Kombumerri artist Lann Levinge’s family and culture has been integral to the Gold Coast for generations.
One of Levinge’s multi-modal artworks that celebrates his deep understanding of the Gold Coast’s “sense of place, the saltwater, sand, and serenity” will soon be up in lights in the Gold Coast’s newest festival in way he never before imagined.
A traditional of the Gold Coast, with Kombumerri, Nughi and Quandamooka Ancestry from the Gold Coast up to Moreton Bay, North and South Stradbroke Islands, Levinge has created a vast body of work as a singer and multi-instrumentalist who has moved to digital platforms to create videos and soundscapes.
“My inspiration is the water and being near the saltwater. I just love that element of trying to capture a story and have people connect to it,” Levinge said.
Levinge has channelled his generational knowledge into a Welcome to Country that will launch the nightly program for the inaugural Gold Coast festival BIG CITY LIGHTS*, which will transform the staid and steady Southport CBD into a showcase of inspirational splendour.
The festival of light, design, installation and performance runs until Sunday 10 July, featuring 10 world premieres and 18 Queensland premieres of large-scale digital works and 3D-mapping from around 70 artists.
Levinge’s Welcome to Country, called Sense of Place, will be simultaneously projected onto six buildings across the Southport CBD to kick off the festival each evening.
Filmed with the help of his father Ray, a long-time resident and Elder of the community, Sense of Place celebrates a distinct moment for the Gold Coast and for the Levinge family.
To create the piece for the new festival, he said he delved back into his family’s history and connection to the Gold Coast.
From his great, great grandfather a former Southport Harbour Master, who once manually lit the beacons to guide fisherman, well before the automatic systems that guide superyachts today, through to his own stories of growing up locally, Levinge said the core of the piece was the feeling of the Gold Coast.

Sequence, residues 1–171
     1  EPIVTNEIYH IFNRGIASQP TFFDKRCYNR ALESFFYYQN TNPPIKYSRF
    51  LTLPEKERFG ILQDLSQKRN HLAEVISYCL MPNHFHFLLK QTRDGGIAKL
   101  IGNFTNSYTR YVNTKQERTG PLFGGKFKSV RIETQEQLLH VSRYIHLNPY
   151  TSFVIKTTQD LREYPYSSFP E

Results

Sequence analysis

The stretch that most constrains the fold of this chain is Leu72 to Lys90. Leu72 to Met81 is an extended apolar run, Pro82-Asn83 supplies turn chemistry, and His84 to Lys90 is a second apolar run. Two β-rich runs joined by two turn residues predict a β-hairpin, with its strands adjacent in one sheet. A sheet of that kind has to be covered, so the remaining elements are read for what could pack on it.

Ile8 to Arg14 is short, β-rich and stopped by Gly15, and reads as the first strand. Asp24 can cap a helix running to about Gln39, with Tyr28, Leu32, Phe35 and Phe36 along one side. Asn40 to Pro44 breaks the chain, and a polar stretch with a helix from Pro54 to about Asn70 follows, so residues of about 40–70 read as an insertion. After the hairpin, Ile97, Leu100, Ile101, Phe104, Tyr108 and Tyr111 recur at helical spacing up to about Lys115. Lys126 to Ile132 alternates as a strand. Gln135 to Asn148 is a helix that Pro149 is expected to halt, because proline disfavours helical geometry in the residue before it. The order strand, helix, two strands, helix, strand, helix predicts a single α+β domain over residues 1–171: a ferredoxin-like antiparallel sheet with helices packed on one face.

“The piece is about place and the connection to place. It’s about capturing the feeling that you get when you are in those areas that have significance to you,” he said.
“I just went to these places and filmed what I could see and what I could feel.”
Levinge, who is also compiling Indigenous oral histories from the Gold Coast, said the experience during the pandemic had helped people slow down and appreciate the natural surrounds of the city.
One of the more remarkable by-products of the Covid restrictions and shutdowns was the re-emergence of native wildlife on the Gold Coast, he said.
“There were a lot more dugongs and dolphins and all sorts of things after nine months or so of humans not being around so much.
“We haven’t seen dugongs like that coming out every day for such a long time. It was like our place was renewing itself a little bit.”
He said identifying that connection and the calm amid the rush and hurry of the Gold Coast, was central to Sense of Place.
“I find comfort in feeling the salty layer crack and turn to dust upon my drying skin after sharing the ocean,” Levinge said.
“With sand under bare feet, grounded and open, I’m embraced by the ghosts of many Ancestors who continue to gift us pathways and many opportunities. They whisper their guidance.”
The screening each night of Sense of Place will be followed by works during BIG CITY LIGHTS* that cover the fields of light, installation, sound, architecture and digital design, turning Southport into a unique and colourful moving canvas.
Entire buildings will be wrapped in images and lights or, in a work by Tina Havelock Stevens called Thunderhead, you may find yourself trapped in a supercell phenomenon, spinning through a lonely, open landscape. In another creation, Dancing Particle, infrared sensors scan your body and project you at large scale onto buildings around the precinct.
BIG CITY LIGHTS* is delivered by Placemakers* Gold Coast, which is best known for the city’s flagship annual arts festival BLEACH*, and aims to highlight Queensland and the Gold Coast as a global cultural destination.
Most of the works on the cutting-edge program are free during the four-night exhibition.Jump to next article